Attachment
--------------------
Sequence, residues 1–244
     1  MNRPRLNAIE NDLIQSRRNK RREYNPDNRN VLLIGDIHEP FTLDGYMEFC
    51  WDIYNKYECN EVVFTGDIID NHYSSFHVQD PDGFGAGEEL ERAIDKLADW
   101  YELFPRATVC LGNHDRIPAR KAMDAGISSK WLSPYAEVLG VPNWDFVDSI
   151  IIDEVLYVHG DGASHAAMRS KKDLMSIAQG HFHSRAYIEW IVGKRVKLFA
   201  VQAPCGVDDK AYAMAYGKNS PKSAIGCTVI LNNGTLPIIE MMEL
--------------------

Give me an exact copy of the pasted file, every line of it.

Sequence, residues 1–244
     1  MNRPRLNAIE NDLIQSRRNK RREYNPDNRN VLLIGDIHEP FTLDGYMEFC
    51  WDIYNKYECN EVVFTGDIID NHYSSFHVQD PDGFGAGEEL ERAIDKLADW
   101  YELFPRATVC LGNHDRIPAR KAMDAGISSK WLSPYAEVLG VPNWDFVDSI
   151  IIDEVLYVHG DGASHAAMRS KKDLMSIAQG HFHSRAYIEW IVGKRVKLFA
   201  VQAPCGVDDK AYAMAYGKNS PKSAIGCTVI LNNGTLPIIE MMEL